Make images, graphics and photos accessible

Make sure your images - logos, illustrations, graphics and photos - meet accessibility standards. It's the right thing to do, and it's the law.

Accessible images

Any visual content that has a purpose beyond being purely decorative should have a text alternative for those who can't see it. 

Often there's an alternative text (alt text) feature build into editing tools such as Word, web editing software and blogs services such as Wordpress.

What should my alt text say?

Alt text is needed for any image that conveys useful information not available any other way in the content. 

So how do you decide whether it's needed, and what do you write? Writing good useful alt text is subjective, but these pointers will help.

Mark up decorative images

Images can sometimes be marked as decorative if they're purely cosmetic and therefore don't convey key information on their own. They can then be happily ignored by screen reader software.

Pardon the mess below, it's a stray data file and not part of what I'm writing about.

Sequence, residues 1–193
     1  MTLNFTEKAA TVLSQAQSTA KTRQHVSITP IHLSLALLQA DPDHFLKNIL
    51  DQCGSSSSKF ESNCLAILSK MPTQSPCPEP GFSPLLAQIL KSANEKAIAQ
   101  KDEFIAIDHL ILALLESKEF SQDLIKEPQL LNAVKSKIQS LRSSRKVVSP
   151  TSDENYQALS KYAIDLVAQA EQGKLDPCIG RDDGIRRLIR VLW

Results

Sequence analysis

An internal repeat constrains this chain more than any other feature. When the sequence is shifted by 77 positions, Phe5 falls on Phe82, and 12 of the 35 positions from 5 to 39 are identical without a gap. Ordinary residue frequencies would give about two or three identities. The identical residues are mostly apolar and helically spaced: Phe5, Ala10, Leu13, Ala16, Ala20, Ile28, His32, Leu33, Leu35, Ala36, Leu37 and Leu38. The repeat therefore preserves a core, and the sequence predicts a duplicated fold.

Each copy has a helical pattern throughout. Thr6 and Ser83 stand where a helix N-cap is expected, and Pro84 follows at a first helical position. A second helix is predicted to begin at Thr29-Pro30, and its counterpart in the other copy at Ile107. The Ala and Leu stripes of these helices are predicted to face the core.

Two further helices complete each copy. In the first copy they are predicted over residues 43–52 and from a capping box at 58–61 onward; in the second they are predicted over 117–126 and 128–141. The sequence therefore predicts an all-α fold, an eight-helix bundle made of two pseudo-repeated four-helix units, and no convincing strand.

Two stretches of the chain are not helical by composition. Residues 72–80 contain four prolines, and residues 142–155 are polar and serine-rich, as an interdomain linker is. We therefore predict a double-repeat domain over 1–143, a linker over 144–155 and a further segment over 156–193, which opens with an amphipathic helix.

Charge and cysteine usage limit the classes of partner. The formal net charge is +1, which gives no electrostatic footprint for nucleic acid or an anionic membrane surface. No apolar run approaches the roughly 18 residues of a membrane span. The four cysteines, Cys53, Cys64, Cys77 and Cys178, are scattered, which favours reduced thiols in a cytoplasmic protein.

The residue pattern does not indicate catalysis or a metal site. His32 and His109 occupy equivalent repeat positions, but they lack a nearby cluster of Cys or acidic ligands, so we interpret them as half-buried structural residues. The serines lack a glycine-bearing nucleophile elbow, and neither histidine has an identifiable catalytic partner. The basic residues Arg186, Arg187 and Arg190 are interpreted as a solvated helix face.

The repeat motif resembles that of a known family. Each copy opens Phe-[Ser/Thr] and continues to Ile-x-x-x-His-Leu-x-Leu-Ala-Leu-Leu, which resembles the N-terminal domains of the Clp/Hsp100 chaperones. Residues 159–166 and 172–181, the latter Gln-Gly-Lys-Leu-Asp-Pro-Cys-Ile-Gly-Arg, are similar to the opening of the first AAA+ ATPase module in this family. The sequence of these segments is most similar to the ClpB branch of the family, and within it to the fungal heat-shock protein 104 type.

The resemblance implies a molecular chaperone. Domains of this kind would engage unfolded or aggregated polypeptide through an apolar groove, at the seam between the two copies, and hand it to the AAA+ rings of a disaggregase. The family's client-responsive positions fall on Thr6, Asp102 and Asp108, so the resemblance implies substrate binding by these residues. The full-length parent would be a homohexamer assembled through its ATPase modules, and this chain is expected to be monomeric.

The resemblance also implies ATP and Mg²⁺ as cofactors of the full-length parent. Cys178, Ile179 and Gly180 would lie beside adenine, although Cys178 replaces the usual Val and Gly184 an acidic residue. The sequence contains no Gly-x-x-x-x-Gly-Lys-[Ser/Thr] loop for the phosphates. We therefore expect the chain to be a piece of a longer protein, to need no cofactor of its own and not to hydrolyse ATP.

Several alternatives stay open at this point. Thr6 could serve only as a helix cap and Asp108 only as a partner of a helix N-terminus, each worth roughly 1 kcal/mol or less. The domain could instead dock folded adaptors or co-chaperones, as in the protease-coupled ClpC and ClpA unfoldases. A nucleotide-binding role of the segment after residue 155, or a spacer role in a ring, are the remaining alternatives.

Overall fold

• Microsoft Word will let you do this. Depending on your version of Word, you can either tick a 'decorative' box, or enter two speech marks "" in the alt text field. Right click on the image to see your options.
  • If the image is on a web page, you can enter two speech marks "" into the alt text field to mark it as decorative.

Why this is useful: 

  • it would be unnecessary to describe a campus image on the front cover of a handout about learning resources, as it adds no value if you can't see it
  • if it isn't marked as decorative and the alt text is left blank, the software is likely to read out the filename, which really isn't useful to the person listening.

Automatically populated alt text

If the alt text field has been populated automatically, this will often be useless information such as the filename. Replace this with something useful!

Don't embed text in images

If you have to share a resource that contains images with text embedded, the text must be provided in another format that can be selected.

How to add alt text

To add 'Alt text' to an image, you can usually right-click on the image to view the options. This should work in most software.

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